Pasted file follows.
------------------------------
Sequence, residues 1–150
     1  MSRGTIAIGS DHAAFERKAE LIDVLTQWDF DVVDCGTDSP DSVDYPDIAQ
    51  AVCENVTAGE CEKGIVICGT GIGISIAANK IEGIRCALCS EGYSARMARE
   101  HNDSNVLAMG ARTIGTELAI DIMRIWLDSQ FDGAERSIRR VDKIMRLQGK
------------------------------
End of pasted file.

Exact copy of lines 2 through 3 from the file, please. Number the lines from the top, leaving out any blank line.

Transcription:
     1  MSRGTIAIGS DHAAFERKAE LIDVLTQWDF DVVDCGTDSP DSVDYPDIAQ
    51  AVCENVTAGE CEKGIVICGT GIGISIAANK IEGIRCALCS EGYSARMARE